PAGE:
"He said he saw rescuers looking for him and could hear them, but that they couldn’t hear him."
It sounds like a simple whistle would have had him rescued within a few days.Oct 23, 2011 at 9:29 pm #1794198
Yup, a whistle, mirror, and a smoky fire would have helped. I count the sighting mirror on my compass rather than carry a separate signal mirror.
I have to debate the official's comment on a cell phone, but that may have been the reporter lumping it together. A cell phone is great, IF you have reception. Not having the other essentials and not telling anyone where you are going are major no-no's.
I see people going out with zero gear on day hikes all the time– no water or food, no flashlight, certainly not a map or compass, and wearing stuff like cotton sweats and flip-flops.
What did you guys think about the comment on running shoes? That seemed a little Old School to me.
I'm glad he's okay. Ten days is a long time!Oct 23, 2011 at 10:22 pm #1794206
dale … its in metro vancouver … which means literally a few minutes away from the yuppie houses in north vancouver and the ski lodge there …
theres usually reception around grouse …
like i said in the bear thread … i dont think most people realize how close the wilderness is to metro vancouver … heres a pic of the area around grouse … you can see the city right next to the mountan
if it doesnt make you jealous that we vancouver bums can walk out of our back door and do several 1000m+ peaks after work .. and stop by the yuppie sbucks afterwards … i dont know what will ;)Oct 23, 2011 at 10:45 pm #1794211
THAT Grouse Mountain? I've been there, eh? And a local call too— lost with no roaming charges :)
I think it would freak me out more being that close in and lost for 10 days.
Seattle isn't quite as dramatic with the falloff from urban to wilderness, but close with the suburban to wilderness shift. Run Google Maps on "North Bend, WA" and go to the satellite version. You go from 1 acre McMansion housing directly to the national forest and vertical geography. Excellent areas for bear/home owner conflicts.
My top solo survival scenarios are falling and getting injured or losing my gear. I've said before that I want SAR to find me warm and dry with my broken ankle propped up and and a hot beverage in my hand. "Ready to carry me down, fellas? Anybody have some pain killers? Watch that foot, fool!"Oct 24, 2011 at 8:38 am #1794280
I count the sighting mirror on my compass rather than carry a separate signal mirror.
Signal mirror? I've always heard that in the Coastal Pacific Northwest the sun never shines:-) (offered with a smile but am actually wondering about that)Oct 24, 2011 at 10:32 am #1794325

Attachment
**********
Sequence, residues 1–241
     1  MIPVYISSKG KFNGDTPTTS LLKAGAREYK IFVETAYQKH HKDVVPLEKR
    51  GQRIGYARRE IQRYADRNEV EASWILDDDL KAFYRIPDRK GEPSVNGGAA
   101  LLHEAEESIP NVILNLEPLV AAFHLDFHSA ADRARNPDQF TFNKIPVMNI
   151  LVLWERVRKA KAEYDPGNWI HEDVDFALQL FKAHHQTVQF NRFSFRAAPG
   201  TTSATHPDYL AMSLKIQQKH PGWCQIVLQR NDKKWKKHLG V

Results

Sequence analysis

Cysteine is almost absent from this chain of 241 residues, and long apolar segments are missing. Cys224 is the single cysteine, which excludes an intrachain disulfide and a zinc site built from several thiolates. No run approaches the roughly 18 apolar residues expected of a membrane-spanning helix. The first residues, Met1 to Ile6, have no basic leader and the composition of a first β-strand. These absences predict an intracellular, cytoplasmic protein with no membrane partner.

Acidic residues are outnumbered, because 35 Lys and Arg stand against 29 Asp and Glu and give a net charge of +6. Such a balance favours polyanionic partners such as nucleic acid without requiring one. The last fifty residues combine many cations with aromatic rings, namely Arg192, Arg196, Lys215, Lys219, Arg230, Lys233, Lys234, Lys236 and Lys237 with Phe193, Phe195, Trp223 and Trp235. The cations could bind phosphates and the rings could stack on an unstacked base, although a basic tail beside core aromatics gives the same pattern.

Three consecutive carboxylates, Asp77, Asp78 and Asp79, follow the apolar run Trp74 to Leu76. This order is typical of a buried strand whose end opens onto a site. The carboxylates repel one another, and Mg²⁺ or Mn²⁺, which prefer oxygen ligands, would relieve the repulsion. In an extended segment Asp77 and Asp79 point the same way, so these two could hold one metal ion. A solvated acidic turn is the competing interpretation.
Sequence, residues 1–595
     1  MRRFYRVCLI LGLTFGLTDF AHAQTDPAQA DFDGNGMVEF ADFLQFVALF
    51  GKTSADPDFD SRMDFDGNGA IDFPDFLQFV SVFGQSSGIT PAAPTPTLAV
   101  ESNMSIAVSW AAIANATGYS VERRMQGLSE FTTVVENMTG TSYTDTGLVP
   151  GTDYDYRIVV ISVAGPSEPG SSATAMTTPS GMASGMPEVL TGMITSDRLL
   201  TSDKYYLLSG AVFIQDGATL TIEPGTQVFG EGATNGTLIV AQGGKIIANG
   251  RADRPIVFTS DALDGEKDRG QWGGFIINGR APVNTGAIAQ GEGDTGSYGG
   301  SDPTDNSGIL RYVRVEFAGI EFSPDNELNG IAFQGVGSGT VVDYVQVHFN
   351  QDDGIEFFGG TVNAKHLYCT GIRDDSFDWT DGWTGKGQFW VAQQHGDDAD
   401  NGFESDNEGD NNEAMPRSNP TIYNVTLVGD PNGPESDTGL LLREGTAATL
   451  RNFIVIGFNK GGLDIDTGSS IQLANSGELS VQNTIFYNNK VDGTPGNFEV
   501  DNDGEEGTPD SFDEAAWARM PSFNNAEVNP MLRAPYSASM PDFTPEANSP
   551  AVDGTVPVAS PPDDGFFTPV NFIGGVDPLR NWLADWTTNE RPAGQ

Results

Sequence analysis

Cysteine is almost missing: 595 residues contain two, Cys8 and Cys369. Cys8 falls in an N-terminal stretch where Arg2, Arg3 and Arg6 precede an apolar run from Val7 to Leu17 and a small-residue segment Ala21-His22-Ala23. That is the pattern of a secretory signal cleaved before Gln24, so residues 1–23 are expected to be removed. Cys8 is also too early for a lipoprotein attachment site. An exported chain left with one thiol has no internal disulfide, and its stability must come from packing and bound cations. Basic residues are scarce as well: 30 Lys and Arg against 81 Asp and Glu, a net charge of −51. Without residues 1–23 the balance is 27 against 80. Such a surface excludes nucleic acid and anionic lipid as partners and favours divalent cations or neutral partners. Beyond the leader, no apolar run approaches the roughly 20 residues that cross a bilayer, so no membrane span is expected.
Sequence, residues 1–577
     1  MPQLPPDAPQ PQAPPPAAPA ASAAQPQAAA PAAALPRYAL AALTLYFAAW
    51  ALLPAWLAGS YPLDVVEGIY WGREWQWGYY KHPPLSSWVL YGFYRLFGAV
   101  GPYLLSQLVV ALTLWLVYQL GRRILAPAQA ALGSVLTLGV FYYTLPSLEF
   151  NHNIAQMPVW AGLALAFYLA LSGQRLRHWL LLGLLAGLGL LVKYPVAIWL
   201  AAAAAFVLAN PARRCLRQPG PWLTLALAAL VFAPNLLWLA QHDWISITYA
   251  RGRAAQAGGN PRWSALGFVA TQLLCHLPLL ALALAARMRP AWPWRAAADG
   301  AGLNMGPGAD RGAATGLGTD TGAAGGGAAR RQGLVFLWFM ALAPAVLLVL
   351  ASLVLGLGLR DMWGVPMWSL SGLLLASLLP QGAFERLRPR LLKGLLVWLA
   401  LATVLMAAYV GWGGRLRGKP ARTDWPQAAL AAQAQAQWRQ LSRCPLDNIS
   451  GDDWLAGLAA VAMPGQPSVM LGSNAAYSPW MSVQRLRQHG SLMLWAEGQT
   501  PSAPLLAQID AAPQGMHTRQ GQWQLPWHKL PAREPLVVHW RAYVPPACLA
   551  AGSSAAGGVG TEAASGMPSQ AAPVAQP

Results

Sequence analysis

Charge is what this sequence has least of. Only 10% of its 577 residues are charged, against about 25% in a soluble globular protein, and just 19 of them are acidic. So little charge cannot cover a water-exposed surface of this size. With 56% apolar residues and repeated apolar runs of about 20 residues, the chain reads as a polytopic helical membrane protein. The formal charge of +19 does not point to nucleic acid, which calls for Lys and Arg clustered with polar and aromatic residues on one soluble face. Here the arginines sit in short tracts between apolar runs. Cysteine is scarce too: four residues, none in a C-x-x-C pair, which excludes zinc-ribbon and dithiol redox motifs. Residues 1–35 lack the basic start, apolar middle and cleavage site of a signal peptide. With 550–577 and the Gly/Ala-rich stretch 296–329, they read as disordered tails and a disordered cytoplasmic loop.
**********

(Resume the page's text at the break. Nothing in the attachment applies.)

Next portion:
@buffaloskipperLocale: Gulf Coast
"He said he saw rescuers looking for him and could hear them, but that they couldn’t hear him."
It was also said that he was halucinating after the third day. He may have been imagining that as he was reported to be pretty much out of it when at the hospital. Sometimes it is difficult to make a judgement on what happend based on the limited information in the article.Oct 24, 2011 at 11:02 am #1794338
He may have had some sort of brain injury too. That is one of the things you always check for when someone has a fall.
We lost a hiker here a couple years ago. He was killed in a fall a ways off the trail he was supposed to be on and it didn't make a lot of sense on how why he got there and why he fell. He was the victim of a street mugging and life-threatening beating prior to that and may have had some sort of episode from a brain injury while on the hike. I could see this happening with someone who is older or out of shape and the physical stress of the hike causing a brain trauma. All conjecture and no science on my part, but it does make me wonder.Oct 24, 2011 at 12:26 pm #1794375
@chuckie_cheeseLocale: Arizona and British Columbia
Wow. This exact route, Lynn Valley to Grouse mountain, was the very first hike I did in my life. There are steep and cliffy sections but you would have to screw up to get far off trail or fall off a cliff.Oct 24, 2011 at 12:27 pm #1794377
@chuckie_cheeseLocale: Arizona and British Columbia
Also, the Hanes valley itself is not that remote by backpacking standards. There should be several parties on a normal weekend through it.
Also, I wore running shoes.Oct 24, 2011 at 12:29 pm #1794378
Too bad Adbusters didn't walk down the street and organize a "Occupy Grouse Mountain", they could have found him in 4 days.Oct 25, 2011 at 2:43 pm #1794930
Ten days is pretty gnarly.
Hey, this dude has a red sharpie, but no whistle or cell phone? Ha ha ha!!
I love the running shoe point also–not so cool being UL when you're frozen after taking dunk in the creek, eh spanky? (Yes, I know this is heresy, please don't take the bait if you're a carp :) ) This guy isn't a ul'er, he's a day hiker that leaves his cell phone behind and doesn't own a whistle. He hikes in running shoes because he wears them all week, etc… Lucky dude, at the end.Oct 25, 2011 at 8:48 pm #1795073
the thing is i dont think the guy was totally unprepared … he had extra munchies and tarp for what is basically a day hike